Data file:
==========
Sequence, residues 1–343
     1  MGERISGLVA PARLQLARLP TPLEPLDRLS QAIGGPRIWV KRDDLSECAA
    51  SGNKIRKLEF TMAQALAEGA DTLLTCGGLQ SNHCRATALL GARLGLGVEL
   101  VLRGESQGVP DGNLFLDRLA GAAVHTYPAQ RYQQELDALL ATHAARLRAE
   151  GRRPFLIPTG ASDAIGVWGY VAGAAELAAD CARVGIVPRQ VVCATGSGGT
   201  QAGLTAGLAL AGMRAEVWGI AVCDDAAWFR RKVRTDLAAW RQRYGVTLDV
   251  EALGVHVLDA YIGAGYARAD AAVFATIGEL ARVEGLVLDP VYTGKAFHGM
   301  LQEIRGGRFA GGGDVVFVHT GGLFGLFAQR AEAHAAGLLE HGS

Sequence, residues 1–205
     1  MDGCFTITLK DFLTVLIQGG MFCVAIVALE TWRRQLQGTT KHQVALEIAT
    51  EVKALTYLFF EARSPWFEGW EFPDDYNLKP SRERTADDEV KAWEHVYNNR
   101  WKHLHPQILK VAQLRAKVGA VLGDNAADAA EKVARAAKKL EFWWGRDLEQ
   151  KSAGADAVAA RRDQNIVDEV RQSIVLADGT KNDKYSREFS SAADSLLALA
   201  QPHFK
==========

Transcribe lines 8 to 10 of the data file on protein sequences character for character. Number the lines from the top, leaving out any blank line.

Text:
   301  LQEIRGGRFA GGGDVVFVHT GGLFGLFAQR AEAHAAGLLE HGS

Sequence, residues 1–205
     1  MDGCFTITLK DFLTVLIQGG MFCVAIVALE TWRRQLQGTT KHQVALEIAT